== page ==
The Air Up There

May 9, 2006 — -- We humans have a lot in common with fish.

We are, for instance, both carbon-based life forms who share a largely identical DNA, and we both have to be totally immersed in the medium from which we get our oxygen in order to stay alive. Our respective oxygen-gathering equipment is markedly different, of course, in that fish collect oxygen by using a dynamic flow of oxygenated water filtered through their gills while we humans use air pressure to force oxygen from air through the membranes of our lungs.

The point here is that when we climb to higher altitudes in an unpressurized airplane and the atmospheric pressure goes down, our ability to force the oxygen into our bloodstream correspondingly goes down. If we climb too high, not enough oxygen will make it into our bloodstreams, resulting in wooziness, unconsciousness and eventually death.

If you fly at all, you need to have a solid grasp of this altitude-oxygen-atmospheric pressure thing.

These are the bedrock basics for unpressurized flight for a normal, healthy, nonsmoking human with no alcohol in the bloodstream (alcohol impedes oxygen transfer):

Sea level to 10,000 feet cabin altitude -- no problem.

Above 10,000 feet cabin altitude -- most of us will go unconscious above 15,000 to 20,000 feet.

Above 10,000 feet, with the yellow emergency oxygen mask the airlines provide (or any supplemental oxygen supply not provided under pressure) -- no problem.

Above 28,000 to 30,000 feet using only the extra oxygen from the yellow mask -- you won't have enough oxygen transferring to your bloodstream and if the condition is sustained for too long, unconsciousness and death will result.

Above 28,000 to 30,000 feet with extra oxygen under pressure -- normal consciousness and life can be sustained to 50,000 feet.

Above 50,000 feet with any form of oxygen -- sustained human life is not possible without a pressure suit like astronauts wear.

Why the difference between oxygen under pressure and the little yellow masks?

Well, our lungs contain millions of tiny sacs called alveoli, essentially tiny membranes that allow oxygen to come in and dissolve in the hemoglobin of the blood. The bloodstream in turn carries the dissolved oxygen molecules throughout the body. The gas-to-blood transfer, however, requires a lot of air pressure, which is the whole point of a discussion like this popping up in a column about things aerodynamic.

Ever wonder why the first thing paramedics seem to do when someone is having a suspected coronary is slap an oxygen mask on their face? I mean, if the patient is at or near sea level, there's plenty of oxygen about, isn't there?

Yes, but only 21 percent of plain air at sea level atmospheric pressure is helping to push the oxygen into the patient's lungs (only 21 percent of air is oxygen). With that medical mask, 100 percent of what the patient is breathing is oxygen and thus all the atmospheric pressure is available to help oxygenate the blood, and that makes a real difference.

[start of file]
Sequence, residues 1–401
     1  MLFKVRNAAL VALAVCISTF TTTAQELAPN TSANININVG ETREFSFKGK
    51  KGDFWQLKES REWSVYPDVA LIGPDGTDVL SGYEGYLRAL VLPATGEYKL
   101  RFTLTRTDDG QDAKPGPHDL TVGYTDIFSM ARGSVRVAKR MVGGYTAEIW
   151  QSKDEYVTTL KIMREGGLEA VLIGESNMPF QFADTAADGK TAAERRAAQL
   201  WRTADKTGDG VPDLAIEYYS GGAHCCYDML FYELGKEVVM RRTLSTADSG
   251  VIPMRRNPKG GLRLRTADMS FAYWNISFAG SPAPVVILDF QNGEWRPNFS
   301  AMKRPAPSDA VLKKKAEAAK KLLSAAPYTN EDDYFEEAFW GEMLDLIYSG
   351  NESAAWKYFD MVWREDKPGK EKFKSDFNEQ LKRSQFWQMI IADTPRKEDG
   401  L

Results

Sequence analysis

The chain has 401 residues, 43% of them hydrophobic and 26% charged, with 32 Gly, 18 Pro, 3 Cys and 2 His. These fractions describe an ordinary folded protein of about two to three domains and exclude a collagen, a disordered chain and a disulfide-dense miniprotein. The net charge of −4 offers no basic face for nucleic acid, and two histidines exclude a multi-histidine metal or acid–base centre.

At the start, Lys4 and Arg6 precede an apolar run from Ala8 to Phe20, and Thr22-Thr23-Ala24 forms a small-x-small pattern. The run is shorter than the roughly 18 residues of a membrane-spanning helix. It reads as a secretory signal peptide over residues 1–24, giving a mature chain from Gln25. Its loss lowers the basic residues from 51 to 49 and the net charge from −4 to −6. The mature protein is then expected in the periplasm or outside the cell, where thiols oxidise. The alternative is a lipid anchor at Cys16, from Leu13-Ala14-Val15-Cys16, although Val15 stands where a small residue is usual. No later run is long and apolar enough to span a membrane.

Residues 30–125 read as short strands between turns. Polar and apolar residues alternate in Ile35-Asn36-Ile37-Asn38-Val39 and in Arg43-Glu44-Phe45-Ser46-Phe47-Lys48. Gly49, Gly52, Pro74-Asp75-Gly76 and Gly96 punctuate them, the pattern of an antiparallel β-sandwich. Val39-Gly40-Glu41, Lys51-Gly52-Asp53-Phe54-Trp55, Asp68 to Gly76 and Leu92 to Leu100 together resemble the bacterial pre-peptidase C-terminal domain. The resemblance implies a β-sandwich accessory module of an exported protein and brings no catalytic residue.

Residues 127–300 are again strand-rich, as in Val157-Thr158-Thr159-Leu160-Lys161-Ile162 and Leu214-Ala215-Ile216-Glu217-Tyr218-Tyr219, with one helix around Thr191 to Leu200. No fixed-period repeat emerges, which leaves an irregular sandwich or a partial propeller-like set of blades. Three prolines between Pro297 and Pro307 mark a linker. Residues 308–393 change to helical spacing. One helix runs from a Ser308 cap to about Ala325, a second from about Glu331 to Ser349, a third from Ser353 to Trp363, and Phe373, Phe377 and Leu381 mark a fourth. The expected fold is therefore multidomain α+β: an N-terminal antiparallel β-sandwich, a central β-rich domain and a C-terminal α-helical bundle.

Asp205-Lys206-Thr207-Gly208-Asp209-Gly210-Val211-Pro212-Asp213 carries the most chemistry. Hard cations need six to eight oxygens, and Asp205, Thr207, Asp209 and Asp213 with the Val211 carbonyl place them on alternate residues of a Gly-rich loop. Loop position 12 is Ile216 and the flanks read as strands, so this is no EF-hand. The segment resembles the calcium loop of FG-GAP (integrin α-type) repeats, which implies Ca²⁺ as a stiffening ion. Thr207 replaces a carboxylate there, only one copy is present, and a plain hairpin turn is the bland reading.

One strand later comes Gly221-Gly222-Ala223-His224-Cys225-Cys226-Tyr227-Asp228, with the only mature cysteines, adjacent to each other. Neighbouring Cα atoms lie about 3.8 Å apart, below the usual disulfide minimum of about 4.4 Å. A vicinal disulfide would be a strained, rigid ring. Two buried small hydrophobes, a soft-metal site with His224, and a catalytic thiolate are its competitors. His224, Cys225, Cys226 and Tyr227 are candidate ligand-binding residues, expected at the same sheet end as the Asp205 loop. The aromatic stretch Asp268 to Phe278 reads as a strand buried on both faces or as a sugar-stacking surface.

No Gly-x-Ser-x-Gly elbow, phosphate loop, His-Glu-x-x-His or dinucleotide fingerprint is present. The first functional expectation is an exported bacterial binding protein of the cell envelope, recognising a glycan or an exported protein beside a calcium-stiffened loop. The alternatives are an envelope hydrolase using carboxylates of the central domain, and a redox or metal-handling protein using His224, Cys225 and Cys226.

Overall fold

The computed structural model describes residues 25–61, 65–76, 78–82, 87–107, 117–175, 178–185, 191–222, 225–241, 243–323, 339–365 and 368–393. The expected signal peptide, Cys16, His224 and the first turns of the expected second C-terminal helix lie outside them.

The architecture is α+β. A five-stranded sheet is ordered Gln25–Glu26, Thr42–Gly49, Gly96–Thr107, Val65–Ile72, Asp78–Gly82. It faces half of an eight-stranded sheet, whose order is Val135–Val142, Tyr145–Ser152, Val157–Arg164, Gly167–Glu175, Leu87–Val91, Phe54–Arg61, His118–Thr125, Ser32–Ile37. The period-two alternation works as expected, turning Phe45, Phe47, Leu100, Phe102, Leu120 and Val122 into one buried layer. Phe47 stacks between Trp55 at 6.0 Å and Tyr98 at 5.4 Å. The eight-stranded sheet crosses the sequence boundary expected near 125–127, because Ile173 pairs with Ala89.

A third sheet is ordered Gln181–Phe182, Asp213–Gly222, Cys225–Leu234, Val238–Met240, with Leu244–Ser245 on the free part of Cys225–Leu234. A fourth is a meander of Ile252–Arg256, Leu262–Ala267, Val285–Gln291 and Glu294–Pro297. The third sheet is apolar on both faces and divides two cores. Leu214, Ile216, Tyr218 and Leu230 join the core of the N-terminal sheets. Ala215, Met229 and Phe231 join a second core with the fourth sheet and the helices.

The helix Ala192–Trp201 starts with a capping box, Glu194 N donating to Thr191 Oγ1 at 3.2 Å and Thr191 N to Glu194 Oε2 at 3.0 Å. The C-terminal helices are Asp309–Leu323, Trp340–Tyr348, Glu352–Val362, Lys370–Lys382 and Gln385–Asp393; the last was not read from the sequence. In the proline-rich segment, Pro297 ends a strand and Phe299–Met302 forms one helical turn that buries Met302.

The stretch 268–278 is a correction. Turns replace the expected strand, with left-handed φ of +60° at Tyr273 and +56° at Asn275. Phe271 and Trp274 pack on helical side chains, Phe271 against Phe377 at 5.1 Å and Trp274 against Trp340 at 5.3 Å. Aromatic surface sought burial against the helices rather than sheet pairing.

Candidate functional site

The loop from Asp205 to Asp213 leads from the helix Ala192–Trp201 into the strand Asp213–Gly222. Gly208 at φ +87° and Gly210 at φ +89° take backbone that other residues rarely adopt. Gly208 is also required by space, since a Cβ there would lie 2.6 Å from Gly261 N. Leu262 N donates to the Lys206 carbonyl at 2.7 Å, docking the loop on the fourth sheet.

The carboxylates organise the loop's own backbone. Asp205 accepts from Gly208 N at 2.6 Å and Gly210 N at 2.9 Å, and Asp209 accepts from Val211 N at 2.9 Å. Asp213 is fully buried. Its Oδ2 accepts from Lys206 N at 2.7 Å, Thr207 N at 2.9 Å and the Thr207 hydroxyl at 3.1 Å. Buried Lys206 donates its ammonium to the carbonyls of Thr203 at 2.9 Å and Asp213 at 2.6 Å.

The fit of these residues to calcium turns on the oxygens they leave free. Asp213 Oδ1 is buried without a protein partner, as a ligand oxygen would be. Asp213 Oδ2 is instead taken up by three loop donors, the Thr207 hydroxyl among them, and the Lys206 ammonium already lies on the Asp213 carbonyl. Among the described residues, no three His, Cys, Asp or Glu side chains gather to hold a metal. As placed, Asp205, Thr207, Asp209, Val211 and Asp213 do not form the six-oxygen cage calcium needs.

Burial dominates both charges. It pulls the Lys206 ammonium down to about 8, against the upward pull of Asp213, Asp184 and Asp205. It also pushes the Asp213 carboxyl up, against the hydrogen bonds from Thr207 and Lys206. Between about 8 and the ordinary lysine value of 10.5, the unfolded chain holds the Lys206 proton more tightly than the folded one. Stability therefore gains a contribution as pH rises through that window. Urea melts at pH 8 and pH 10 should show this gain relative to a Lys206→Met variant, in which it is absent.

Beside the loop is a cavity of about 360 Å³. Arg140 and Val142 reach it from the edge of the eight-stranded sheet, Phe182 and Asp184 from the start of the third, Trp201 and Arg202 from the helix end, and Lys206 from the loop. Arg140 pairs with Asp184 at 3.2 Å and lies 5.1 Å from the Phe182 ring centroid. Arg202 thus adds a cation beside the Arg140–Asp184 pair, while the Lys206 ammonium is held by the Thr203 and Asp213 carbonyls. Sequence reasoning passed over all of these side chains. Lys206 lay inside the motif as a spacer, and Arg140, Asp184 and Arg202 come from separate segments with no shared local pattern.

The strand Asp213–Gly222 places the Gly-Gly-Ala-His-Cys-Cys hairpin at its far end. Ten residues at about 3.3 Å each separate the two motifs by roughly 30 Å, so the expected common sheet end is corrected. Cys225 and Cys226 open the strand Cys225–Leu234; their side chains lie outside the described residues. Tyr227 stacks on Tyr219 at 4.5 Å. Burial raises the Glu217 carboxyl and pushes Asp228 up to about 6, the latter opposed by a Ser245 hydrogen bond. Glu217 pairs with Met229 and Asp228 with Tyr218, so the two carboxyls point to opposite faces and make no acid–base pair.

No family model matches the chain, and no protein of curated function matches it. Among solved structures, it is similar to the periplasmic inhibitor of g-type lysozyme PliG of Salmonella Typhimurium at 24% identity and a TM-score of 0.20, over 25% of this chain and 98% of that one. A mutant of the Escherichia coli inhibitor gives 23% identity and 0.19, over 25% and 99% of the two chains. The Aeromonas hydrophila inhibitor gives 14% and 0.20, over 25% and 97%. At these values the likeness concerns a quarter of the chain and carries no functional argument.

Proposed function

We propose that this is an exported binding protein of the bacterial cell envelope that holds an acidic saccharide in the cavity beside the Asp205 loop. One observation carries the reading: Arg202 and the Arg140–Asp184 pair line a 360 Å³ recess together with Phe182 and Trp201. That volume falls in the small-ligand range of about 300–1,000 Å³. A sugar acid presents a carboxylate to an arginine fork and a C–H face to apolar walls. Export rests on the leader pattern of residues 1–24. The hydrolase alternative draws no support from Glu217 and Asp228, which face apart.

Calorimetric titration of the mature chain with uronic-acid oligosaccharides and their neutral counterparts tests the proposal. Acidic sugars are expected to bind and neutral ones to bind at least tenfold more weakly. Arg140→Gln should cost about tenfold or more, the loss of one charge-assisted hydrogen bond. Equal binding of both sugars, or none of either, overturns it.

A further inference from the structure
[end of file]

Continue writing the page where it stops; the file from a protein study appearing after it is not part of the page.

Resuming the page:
We need a blood oxygen level of between 87 percent and 97 percent to maintain consciousness by maintaining the oxygen-to-hemoglobin flow. At 10,000 feet above sea level, the normal saturation for a human breathing regular air is 87 percent. Go to 18,000 feet without supplemental oxygen and the saturation drops to 80 percent (thanks to the partial pressure of oxygen being just 21 percent of the atmospheric pressure at any altitude). That means we're going to start getting woozy and hypoxic, and unless we've added substantial hemoglobin to our bloodstreams by living at very high altitudes, we'll eventually black out.

There is an altitude range, however, where even breathing 100 percent oxygen (with 100 percent partial oxygen pressure) from a little yellow mask in a jetliner won't provide enough life-sustaining oxygen saturation in the bloodstream. That point is around 28,000 to 30,000 feet. Above that, there isn't enough oxygen pressure even when breathing pure oxygen to shove the O2 molecules across the membranes and into the hemoglobin.

The cure is pressure breathing, which you can't do with yellow supplemental masks. Pressure breathing oxygen masks (the type you'll find in the cockpit) force pure oxygen into your lungs at a higher pressure than the surrounding air and keep your blood oxygen saturation level above 87 percent. But the techniques for pressure breathing require practice in an altitude chamber, and are so foreign to our normal methods of respiration that few passengers would be able to cope with it in an emergency even if we provided such masks in the back. Your pilots, however, are well-trained, and have pressure-breathing oxygen masks beside them at all times.

What if you're at 39,000 feet and the airplane depressurizes and the yellow masks drop?

You have nine to 15 seconds to place the mask over your own face before you lost consciousness. That's why it would be so vital for you to immediately put on your own mask first. Now, in the cockpit immediately after an emergency decompression (depressurization), the pilots will instantly don their pressure breathing masks and begin an emergency descent to lower altitude. Even at 40,000 feet, the time during which a passenger would be exposed to a cabin altitude higher than the yellow emergency masks could deal with is around 90 seconds. In other words, you will probably black out on the way down from 40,000 during the emergency descent without a pressure breathing mask. But, with the yellow supplemental mask in place, you'll regain consciousness with no permanent bad effects as the aircraft descends through 28,000 feet. If you fail to get that mask on before blacking out, you won't wake up until the aircraft has descended to around 10,000 feet. That's why those briefings are so important!